If you thought a pleasant bike ride would be the ideal way to be introduced to the ancient wine-producing region of Penedes, then think again. Having sampled some of the local wine since my arrival in Spain two days ago, I was eager to explore the winding roads and absorb some of the culture that infused the surrounding vineyards.
We set off from Bellprat, zipping gracefully past pine forests and no-hunting signs. The landscape eventually unwrapped into a flourishing vista and we freewheeled past fig and almond trees as well as extensive arable land where the soil may have been too delicate to plant vines.
The road however, got rockier and rockier, until I was jittering up and down as we made our descent into the dark woods that encompassed Devil’s Rock.
The legend of Devil’s Rock, as explained by the locals, began with a man named Mr Tous who was obsessed with hunting a mysterious white doe. But he could never quite catch it. One day when he was tracking it, he came across a newborn baby. He took the baby girl back to his family where she grew to be a beautiful young woman. It wasn’t long before a young suitor fell in love with her and asked for her hand in marriage. Mr Tous agreed to his proposal, but only on one condition: that he hunt and kill the white doe.
The boy tried and failed for many months, growing more heart broken by the day. Finally, he met an old witch who offered him the chance to sell his soul to the devil in exchange for the doe. The boy agreed at once and later that day he had succeeded in wounding the creature. He followed its trail of blood to the waterfall where we now stood.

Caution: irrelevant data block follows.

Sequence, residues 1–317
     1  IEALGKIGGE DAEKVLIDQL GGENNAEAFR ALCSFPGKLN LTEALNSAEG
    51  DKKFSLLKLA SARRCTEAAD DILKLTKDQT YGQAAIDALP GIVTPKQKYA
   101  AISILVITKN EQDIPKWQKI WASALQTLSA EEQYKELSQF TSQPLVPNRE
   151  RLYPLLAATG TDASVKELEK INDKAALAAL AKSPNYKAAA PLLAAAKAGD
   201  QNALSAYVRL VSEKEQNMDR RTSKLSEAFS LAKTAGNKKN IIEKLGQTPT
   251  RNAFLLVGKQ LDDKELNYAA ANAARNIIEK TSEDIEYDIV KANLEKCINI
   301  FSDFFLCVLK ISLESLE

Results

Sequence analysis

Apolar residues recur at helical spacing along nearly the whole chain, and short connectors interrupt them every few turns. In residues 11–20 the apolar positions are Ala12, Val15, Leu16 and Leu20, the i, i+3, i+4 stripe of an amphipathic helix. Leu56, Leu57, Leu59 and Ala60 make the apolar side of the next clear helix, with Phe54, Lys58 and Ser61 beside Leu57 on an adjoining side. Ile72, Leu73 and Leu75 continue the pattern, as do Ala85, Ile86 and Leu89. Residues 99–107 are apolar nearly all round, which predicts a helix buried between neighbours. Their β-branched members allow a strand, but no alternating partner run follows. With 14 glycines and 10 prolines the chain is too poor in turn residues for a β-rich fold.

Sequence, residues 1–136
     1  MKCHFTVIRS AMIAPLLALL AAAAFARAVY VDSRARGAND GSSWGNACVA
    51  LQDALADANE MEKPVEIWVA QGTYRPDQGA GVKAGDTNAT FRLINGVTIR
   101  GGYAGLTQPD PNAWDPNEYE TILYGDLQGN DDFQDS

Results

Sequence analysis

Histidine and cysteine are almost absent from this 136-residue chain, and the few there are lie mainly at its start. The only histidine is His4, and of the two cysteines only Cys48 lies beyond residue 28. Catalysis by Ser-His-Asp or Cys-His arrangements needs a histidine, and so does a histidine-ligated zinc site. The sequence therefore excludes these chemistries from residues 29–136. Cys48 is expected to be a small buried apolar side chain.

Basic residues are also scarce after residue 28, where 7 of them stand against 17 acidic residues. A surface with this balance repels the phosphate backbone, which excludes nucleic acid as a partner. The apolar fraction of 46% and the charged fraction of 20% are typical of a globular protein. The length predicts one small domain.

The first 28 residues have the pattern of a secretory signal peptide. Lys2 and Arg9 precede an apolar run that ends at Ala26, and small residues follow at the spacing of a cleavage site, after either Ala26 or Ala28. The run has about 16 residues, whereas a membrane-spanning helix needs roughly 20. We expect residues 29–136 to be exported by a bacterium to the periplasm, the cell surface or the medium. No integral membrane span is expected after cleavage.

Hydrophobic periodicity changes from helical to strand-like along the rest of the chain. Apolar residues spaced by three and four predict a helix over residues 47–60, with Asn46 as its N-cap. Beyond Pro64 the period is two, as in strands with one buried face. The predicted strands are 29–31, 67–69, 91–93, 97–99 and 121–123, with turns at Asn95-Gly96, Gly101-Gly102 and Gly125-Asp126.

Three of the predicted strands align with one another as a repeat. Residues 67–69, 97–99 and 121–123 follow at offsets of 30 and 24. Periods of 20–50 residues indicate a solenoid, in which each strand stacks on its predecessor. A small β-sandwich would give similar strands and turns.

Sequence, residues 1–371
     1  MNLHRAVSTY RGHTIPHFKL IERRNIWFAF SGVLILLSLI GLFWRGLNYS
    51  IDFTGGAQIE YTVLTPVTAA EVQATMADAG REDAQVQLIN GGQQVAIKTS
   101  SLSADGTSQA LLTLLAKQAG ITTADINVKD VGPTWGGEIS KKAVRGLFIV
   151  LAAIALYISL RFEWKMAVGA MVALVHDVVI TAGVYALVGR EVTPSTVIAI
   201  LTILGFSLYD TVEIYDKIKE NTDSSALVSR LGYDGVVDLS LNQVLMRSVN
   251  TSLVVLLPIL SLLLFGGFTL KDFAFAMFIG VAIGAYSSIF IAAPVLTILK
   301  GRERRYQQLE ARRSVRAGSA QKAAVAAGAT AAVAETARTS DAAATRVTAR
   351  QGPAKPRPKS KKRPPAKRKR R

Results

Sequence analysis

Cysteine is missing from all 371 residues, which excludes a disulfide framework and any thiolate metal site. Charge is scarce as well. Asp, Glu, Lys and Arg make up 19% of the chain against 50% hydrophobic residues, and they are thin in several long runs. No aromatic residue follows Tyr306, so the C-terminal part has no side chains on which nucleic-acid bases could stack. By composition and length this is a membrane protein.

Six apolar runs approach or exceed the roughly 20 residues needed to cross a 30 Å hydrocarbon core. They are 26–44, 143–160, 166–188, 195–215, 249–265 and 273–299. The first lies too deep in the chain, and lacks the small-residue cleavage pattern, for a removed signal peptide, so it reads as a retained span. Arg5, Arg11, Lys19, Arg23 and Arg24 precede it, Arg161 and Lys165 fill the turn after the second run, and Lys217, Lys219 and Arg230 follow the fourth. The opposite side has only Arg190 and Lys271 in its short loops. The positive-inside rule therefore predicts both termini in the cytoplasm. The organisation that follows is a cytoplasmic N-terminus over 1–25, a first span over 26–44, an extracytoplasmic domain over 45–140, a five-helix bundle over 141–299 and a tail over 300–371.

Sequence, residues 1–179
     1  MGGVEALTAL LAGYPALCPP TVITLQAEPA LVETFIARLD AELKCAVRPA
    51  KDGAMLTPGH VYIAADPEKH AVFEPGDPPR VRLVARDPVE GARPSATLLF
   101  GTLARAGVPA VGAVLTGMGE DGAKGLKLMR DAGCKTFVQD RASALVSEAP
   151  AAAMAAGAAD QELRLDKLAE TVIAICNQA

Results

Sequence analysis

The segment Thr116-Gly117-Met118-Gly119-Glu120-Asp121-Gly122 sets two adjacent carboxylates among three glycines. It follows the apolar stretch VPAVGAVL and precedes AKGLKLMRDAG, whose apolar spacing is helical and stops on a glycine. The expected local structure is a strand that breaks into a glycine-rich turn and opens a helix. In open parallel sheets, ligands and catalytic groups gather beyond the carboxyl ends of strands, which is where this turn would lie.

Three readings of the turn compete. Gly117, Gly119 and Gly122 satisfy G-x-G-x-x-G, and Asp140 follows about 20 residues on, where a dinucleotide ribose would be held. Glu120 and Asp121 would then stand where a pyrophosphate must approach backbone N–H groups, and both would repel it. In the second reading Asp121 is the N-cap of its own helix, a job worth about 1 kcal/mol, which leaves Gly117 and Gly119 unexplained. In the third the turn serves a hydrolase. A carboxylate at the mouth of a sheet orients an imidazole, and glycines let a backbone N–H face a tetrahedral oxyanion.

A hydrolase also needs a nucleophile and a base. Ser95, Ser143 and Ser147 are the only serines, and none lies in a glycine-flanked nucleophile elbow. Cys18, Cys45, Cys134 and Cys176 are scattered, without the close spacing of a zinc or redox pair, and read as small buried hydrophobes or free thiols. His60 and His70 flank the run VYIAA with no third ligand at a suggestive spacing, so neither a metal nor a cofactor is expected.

By the lake he found the injured animal lying next to his young love. The girl said that they should escape from the world to live together for all eternity. He joined her and the lake opened up, engulfing them forever.
I could almost see the trio hunched under the overhanging rock, before they were sucked down into a whirlpool and into another world. I shuddered by the dank pool; the waterfall wasn’t flowing today and the silent rocks cast eerie shadows on the muddy waters below. I wondered if the no-hunting signs we saw earlier were installed with the superstitious legend in mind.
We left the haunted place and headed back, taking a shortcut and hauling the bikes over hefty rocks. Having cycled the fifteen kilometres to reach Devil’s Rock, my legs were achingly tight. I soon dismounted and an hour later was still pushing the bike up the hill, wondering exactly what I had got myself into.
There were plentiful blackberries by the side of the road, but I soldiered on until we stopped at a restaurant called Cal Maginet about twenty minutes from the car. We were fed (butifarra with pan con tomate and a delicious salad using lcoal produced tomatoes which coincidentely we had already tried earlier while cycling past the tomato patch) from and watered, my guides chatting to owner Isabel in Spanish, while I rekindled the feeling in my thigh muscles. At last we made our way out, stopping to admire a one hundred year old oak tree that overlooked the eatery as two eccentric guard dogs barked their goodbyes.
I gladly clambered into the car, skipping the last leg of the thirty-kilometre bike ride, and looking forward to a glass of rosé wine from the Wine Pleasures cellar. We tasted a Chilled Rose of Treloar 2009 – tangy and fruity from Domaine Treloar (Languedoc-Roussillon) on our return.
Lauren Simpson-Green, Wine Travel Writer for Wine Pleasures.